On this day in 1839, Union General George Armstrong Custer is born in Harrison County, Ohio. Although he is best known for his demise at the hands of the Lakota and Cheyenne Indians at the Battle of the Little Big Horn, Montana, in 1876, Custer built a reputation as a dashing and effective cavalry leader during the Civil War.
Custer entered West Point in 1857, where he earned low grades and numerous demerits for his mischievous behavior. He graduated last in the class of 1861. Despite his poor academic showing, Custer did not have to wait long to see military action. Less than two months after leaving West Point, Custer fought in the First Battle of Bull Run, Virginia, in July 1861.
Custer served the entire war in the Army of the Potomac. He was present for nearly all of the army's major battles, and became, at age 23, the youngest general in the Union army in June 1863. He led the Michigan cavalry brigade in General Judson Kilpatrick's 3rd Cavalry Division. Shortly after his promotion, Custer and his "Wolverines" played a key role in stopping Confederate General J.E.B. Stuart's cavalry attack, which helped preserve the Union victory at the Battle of Gettysburg, Pennsylvania. As a leader, Custer earned the respect of his men because he personally led every charge in battle. Wrote one observer of Custer's command, "So brave a man I never saw and as competent as brave. Under him a man is ashamed to be cowardly. Under him our men can achieve wonders."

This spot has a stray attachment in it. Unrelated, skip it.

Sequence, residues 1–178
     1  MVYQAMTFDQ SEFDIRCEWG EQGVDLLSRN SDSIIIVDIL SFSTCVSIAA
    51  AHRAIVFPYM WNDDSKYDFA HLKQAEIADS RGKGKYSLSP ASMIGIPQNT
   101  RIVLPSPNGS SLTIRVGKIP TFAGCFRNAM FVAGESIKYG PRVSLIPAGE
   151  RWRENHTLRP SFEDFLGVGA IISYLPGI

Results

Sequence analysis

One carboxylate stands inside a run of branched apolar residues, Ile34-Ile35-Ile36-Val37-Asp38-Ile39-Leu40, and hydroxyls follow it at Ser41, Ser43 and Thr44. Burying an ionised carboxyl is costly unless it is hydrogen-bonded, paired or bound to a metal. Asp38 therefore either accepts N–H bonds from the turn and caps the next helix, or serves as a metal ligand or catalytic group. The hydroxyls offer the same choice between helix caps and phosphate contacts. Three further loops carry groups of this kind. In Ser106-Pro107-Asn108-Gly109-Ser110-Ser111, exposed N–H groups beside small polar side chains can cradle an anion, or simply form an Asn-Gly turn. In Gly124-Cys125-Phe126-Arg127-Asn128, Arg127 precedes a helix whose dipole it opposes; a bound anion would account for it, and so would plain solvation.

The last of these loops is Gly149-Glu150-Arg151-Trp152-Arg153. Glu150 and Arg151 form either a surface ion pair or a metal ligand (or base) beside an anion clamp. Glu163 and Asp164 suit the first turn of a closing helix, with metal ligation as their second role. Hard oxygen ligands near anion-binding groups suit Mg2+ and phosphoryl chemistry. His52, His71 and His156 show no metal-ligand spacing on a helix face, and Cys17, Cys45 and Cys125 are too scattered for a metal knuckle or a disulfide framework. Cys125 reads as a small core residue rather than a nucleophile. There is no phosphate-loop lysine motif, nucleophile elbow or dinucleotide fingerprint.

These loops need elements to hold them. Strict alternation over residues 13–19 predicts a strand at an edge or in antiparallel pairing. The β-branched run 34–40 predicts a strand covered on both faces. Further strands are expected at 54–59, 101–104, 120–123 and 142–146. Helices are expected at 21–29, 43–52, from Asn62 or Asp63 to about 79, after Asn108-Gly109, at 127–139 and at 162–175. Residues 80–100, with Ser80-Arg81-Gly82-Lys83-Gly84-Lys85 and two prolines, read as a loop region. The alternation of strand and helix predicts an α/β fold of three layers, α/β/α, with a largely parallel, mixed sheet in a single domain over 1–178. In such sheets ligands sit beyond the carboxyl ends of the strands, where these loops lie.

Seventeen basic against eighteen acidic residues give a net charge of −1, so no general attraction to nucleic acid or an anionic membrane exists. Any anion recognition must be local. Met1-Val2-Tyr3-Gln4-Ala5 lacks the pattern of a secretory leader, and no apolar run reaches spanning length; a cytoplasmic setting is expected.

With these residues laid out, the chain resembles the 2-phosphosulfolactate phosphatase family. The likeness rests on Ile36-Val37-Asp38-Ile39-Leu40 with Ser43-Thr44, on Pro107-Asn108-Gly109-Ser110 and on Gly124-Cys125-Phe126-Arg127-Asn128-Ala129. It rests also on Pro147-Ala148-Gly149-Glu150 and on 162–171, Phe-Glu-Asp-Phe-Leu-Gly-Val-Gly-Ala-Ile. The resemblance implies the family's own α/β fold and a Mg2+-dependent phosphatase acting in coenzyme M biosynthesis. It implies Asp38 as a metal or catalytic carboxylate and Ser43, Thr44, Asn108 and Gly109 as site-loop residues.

He achieved his greatest battlefield success in the campaigns of 1864. At the Battle of Yellow Tavern, Virginia, on May 11, 1864, Custer led the charge that resulted in the death of Stuart. One month later at Trevilian Station, Virginia, Custer's command attacked a supply train before being surrounded by Confederate cavalry. His men formed a triangle and bravely held off the Rebels until help arrived. In October, Custer's men scored a decisive victory over the Confederate cavalry at Tom's Brook in the Shenandoah Valley, the most one-sided Yankee cavalry victory of the war in the East.
Custer was demoted to lieutenant colonel in the downsizing that took place after the Civil War ended. He was much less effective in his postwar assignments fighting Native Americans, and his reckless assault on the camp at Little Big Horn on June 25, 1876, led to his death and earned him an unsavory reputation that overshadowed his earlier success in the Civil War.